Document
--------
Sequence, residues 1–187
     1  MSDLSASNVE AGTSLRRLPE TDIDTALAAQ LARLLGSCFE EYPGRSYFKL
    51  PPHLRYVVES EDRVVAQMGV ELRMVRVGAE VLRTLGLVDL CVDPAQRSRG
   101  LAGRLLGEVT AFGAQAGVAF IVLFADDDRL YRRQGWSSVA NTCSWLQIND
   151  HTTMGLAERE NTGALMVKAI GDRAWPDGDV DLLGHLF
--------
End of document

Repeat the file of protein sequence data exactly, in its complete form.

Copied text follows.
Sequence, residues 1–187
     1  MSDLSASNVE AGTSLRRLPE TDIDTALAAQ LARLLGSCFE EYPGRSYFKL
    51  PPHLRYVVES EDRVVAQMGV ELRMVRVGAE VLRTLGLVDL CVDPAQRSRG
   101  LAGRLLGEVT AFGAQAGVAF IVLFADDDRL YRRQGWSSVA NTCSWLQIND
   151  HTTMGLAERE NTGALMVKAI GDRAWPDGDV DLLGHLF